Old Friends, NewPlaces
26 November 2008 | Cocoa Village, FL
Guess I have been remiss in keeping this little blog up, I shall try to do better.
We are in Cocoa Village, Florida this morning. On the hook taking an especially long for us hiatus from traveling south to spend Thanksgiving with old friends.
David's dear friends Al and Jennifer live on Merritt Island and we will be indulging in Thanksgiving Turkey with them. They have been wonderfully helpful to us since we arrived. Carting us to the grocery and out to dinner.
Great restaurant down town, Murdock's we sat outside at picnic table with Bo and could enjoy the bar scene and live music through windows. One actually climbs in and out of the windows if one so chooses! Food was great, David enjoyed a spicy shrimp dish.
Friends from the Outer Banks arrived yesterday, George and Betsy from our yacht club are here to sail for a few days and partake of Thanksgiving dinner with Jennifer and Al too.
At the moment George is whipping up a great breakfast of ham and scrambled eggs and cheese. Yummy!
Our trip from Church Creek to here was good. The captain did a great job winding through VERY LOW water. Although we did run aground once and had to call Tow Boat US. Found out from the kind young man they sent out that if someone calls them too much (say $2800) that they will cancel your insurance....so much for unlimited!
Bosun gave the nice man a wet kiss in thanks for getting us off the shoal.
Time to eat - more later - I promise!
10:30 AM Church Creek to Beaufort, SC
11 November 2008 | Sunny, few cirrus clouds, breezy, cool
The smell of grilled cheese and ham sandwiches wafts up the companionway from the galley. The Captain is hungry and cold, the dog still asleep on his full tummy.
Just passed marker 197.
We have been snaking our way, twisting and turning running sometimes with the current at a speed of 9 knots. Sometimes against the current at 5 knots.
In this stretch the edges of the ICW are marsh on both sides. Our heading is presently SW with a turn to the W coming in a few moments.
The live oak trees are interspersed with with South Carolina's state tree, the White Palmetto.
I love their state flag.
The state flag of South Carolina was officially adopted in 1861. It has a white crescent and a white palmetto tree on a blue ground. Three white crescents (on a blue background) were first used on a South Carolina banner protesting the Stamp Act in 1765. In 1775, Colonel William Moultrie designed a banner for South Carolina troops; it had a white crescent on a blue field. When South Carolina seceded from the Union, the palmetto tree was added to the flag. The palmetto tree was chosen because this tree had helped South Carolinians defeat the British in a battle at Sullivan's Island (during the Revolutionary War). The South Carolinians built a fort out of palmetto wood, and when the British fired cannonballs at the fort, instead of knocking the fort down, the soft palmetto wood just absorbed the cannonballs.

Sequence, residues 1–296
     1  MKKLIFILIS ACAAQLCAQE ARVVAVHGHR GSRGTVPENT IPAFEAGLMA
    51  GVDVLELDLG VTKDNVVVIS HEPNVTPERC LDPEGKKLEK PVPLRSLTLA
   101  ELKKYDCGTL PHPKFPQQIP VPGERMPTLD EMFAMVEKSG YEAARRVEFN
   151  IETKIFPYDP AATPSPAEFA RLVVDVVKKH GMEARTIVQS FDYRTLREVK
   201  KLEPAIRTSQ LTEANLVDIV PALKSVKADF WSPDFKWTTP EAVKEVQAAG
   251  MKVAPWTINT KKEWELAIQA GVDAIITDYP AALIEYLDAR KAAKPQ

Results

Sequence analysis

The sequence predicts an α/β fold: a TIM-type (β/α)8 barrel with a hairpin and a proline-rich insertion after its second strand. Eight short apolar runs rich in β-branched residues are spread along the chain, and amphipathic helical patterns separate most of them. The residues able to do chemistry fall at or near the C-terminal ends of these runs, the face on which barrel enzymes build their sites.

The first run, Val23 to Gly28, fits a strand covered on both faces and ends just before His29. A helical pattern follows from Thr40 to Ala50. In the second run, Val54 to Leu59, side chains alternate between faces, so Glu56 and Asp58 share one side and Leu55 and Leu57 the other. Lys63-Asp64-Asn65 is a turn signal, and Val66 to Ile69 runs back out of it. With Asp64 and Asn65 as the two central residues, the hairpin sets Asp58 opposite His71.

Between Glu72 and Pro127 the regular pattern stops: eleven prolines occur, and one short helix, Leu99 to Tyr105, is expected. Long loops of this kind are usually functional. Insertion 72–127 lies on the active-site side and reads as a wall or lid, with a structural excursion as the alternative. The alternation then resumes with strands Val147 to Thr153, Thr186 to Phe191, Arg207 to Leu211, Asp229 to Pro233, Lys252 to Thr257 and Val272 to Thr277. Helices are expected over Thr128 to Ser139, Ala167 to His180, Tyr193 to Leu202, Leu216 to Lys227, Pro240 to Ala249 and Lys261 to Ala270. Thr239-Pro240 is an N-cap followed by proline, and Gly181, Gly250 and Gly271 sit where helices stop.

Occasionally one sees houses across land we are passing. Range markers prevail and we notice that lining them up agrees exactly with the magenta line on our radar. Good Show.
The depth sounder sounds it's warning. The channel is narrow here.
The chart showed 15' but the depth sounder indicates 7.3. Even with our extra 2 feet the shoaling is evident.
The Captain quips that it is obviously cheaper to add range markers than dredge.
Finally, 10 to 14 feet of water...one can relax.
I am sitting in the cockpit in layered clothing. Sweat pants and rain/wind pants, shoes, socks, heavy Irish sweater and West Marine offshore foul weather jacket.
I love looking at the shore line, both with binoculars and the camera zoom.
The marsh grass is tipped in golden brown, followed by a light green band, a marsh (wake and tide) grey mud area, back to green again. On top of the mud there is a gray thatch area, then rich black mud. It is sometimes layered with a shell layer - spoil perhaps.
At he shore line there is an abundance of open clam, mussel and oyster shells exposed by the tide and devoured by heron, egrets and seagulls.
Huge vacant osprey nests fill tree tops, summer occupancy only.
Marker 184 and the long anticipated dredges appear narrowing an already narrow channel. These are suppose to be the answer to the Captain's prayer. However, a north bound sailboat at the entrance of the channel coming in from St. Helena Sound with more than plenty of space to negotiate in pushes his way into the channel between Tropical Spice and the barge forcing us up onto the pluff mud bank. We are aground.
The smaller sailboat continues north and we rock ourselves off going back and forth.
Finally, open water. St. Helena Sound.
Stuck in Beaufort
06 November 2008 | Town Creek Marina
Rain, rain, go away.....
Well..... we ended spending 3 nights here due to a low pressure storm system that would not give up. I got lots of laundry done, even washed Bosun's bed.
Took advantage of the marina courtesy car one day for the post office and the Food Lion. David and I were going to take turns sitting in the car with Bo when one of the girls in the marina who lost her dog a few months ago begged to doggie sit. Bo had a blast and we were able to grocery shop together for a change.
Met some nice folks who fixed the tank on our electrasan, and another couple who shared recepies with me.
In spite of foul weather, spirits were relatively high.
Gotta Keep Smiling!!!
Town Creek Marina to Mile Hammock Bay MM 244.5
Departed Town Creek Marina at 7:15 AM for Morehead.